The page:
The FCC has voted 3-2 along party lines to repeal the 2015 Net Neutrality rules enacted during former President Barack Obama’s administration.

You know what’s going to happen? NOTHING.

The way people have behaved, even threatening FCC Commissioner Ajit Pai and his family, you’d think there’d be chaos in the streets. In fact, a security threat interrupted the proceedings:

2015 Net Neutrality

Okay, so the first question is what are the rules that Obama’s administration passed? Back in 2014, Obama pushed the agency “to impose upon internet service providers a creaky regulatory framework called ‘Title II,’ which was designed in the 1930s to tame the Ma Bell telephone monopoly.” This meant that broadband providers had to treat all traffic equally so they could not block or slow content or provide better speeds for certain websites.

FCC Commissioner Ajit Pai sat on the board at the time and he voted no. He was disappointed that the board “chose micromanagement over markets.” He was correct as he points out in his Wall Street Journal op-ed:

This burdensome regulation has failed consumers and businesses alike. In the two years after the FCC’s decision, broadband network investment dropped more than 5.6%—the first time a decline has happened outside of a recession. If the current rules are left in place, millions of Americans who are on the wrong side of the digital divide would have to wait years to get more broadband.

The effect has been particularly serious for smaller internet service providers. They don’t have the time, money or lawyers to cut through a thicket of complex rules. The Wireless Internet Service Providers Association, which represents small fixed wireless companies that generally operate in rural America, found that more than 80% of its members “incurred additional expense in complying with the Title II rules, had delayed or reduced network expansion, had delayed or reduced services and had allocated budget to comply with the rules.” They aren’t alone. Other small companies have told the FCC that these regulations have forced them to cancel, delay or curtail upgrades to their fiber networks.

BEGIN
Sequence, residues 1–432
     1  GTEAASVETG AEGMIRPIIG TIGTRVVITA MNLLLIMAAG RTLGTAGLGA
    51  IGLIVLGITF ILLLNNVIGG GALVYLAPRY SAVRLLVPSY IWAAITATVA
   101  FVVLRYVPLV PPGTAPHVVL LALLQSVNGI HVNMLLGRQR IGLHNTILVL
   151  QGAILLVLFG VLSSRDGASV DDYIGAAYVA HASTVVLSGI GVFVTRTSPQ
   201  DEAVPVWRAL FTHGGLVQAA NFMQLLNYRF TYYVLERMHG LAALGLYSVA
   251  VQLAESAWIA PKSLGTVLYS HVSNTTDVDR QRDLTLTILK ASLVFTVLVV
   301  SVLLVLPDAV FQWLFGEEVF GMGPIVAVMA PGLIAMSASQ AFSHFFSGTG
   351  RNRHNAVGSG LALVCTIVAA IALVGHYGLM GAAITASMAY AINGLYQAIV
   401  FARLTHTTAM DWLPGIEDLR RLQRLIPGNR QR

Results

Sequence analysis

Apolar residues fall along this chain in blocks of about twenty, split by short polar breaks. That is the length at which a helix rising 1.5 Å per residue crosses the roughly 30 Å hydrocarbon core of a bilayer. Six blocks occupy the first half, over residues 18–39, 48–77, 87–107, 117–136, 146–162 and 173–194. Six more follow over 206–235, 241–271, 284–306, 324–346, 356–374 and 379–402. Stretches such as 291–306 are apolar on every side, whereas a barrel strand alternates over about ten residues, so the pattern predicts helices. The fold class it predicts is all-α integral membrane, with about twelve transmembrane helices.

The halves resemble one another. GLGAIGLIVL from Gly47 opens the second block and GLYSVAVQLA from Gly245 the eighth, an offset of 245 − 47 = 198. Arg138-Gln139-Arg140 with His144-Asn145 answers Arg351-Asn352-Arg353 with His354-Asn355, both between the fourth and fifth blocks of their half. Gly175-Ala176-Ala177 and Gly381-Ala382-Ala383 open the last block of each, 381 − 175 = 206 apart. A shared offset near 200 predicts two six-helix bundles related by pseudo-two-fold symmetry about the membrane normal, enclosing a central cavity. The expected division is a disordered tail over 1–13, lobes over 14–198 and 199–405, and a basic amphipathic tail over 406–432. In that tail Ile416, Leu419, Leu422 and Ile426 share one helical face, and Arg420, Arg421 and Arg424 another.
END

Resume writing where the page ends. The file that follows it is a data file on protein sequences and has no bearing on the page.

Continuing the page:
The rules also slowed a company from introducing new services due to fear of non-compliance. A major company shelved an idea for “its out-of-home Wi-Fi network” because those in charge did not know if the FCC would approve. Last May, Pai heard from 19 municipal internet service providers (city-owned nonprofits) that had to “often delay or hold off from rolling out a new feature or service because we cannot afford to deal with a potential complaint and enforcement action.”

Pai’s Rules

The burden on people and companies, the market overall, led Pai to develop new rules that concentrate on transparency. The way that people have acted online today you’d think that Pai just ordered the end of the world. He did not (emphasis mine):

This is why I’m proposing today that my colleagues at the Federal Communications Commission repeal President Obama’s heavy-handed internet regulations. Instead the FCC simply would require internet service providers to be transparent so that consumers can buy the plan that’s best for them. And entrepreneurs and other small businesses would have the technical information they need to innovate. The Federal Trade Commission would police ISPs, protect consumers and promote competition, just as it did before 2015. Instead of being flyspecked by lawyers and bureaucrats, the internet would once again thrive under engineers and entrepreneurs.

You know what’s so great about the free market? Competition. Power of the consumer. This means those companies have to tell you if they plan on throttling Netflix or make you pay for certain sites. The companies HAVE to tell you everything you’re signing up for.

Jon Leibowitz, a former employee at the FTC, wrote in WSJ:

That’s because the FCC plan would restore power to police the internet to the Federal Trade Commission. The FTC, my former agency, is an experienced cop on the beat in this area. It protected internet users from unfair, deceptive and anticompetitive practices for the two decades before the FCC’s 2015 rule, which removed its jurisdiction.

Consider the core principles of net neutrality, which I have long supported: unfettered access of the entire (lawful) internet and transparency about broadband providers’ practices. The FTC worked on those issues for years. In 2000, it conditioned AOL’s acquisition of Time Warner on the combined company’s commitment to treat competing internet providers operating on its network fairly.

Leibowitz continued (emphasis mine):

With its authority restored—and assuming the agency prevails in a challenge to its power pending in a federal appellate court, as is likely—the FTC can hold internet providers to their public promises to maintain an open internet. Every major broadband provider has committed not to block, throttle or unfairly discriminate against lawful content. The FCC’s plan would compel providers to give customers clear and detailed information about their practices—commitments both the FTC and state attorneys general will be able to enforce, since false public disclosures violate the law.

In other words, you can still do everything you did before!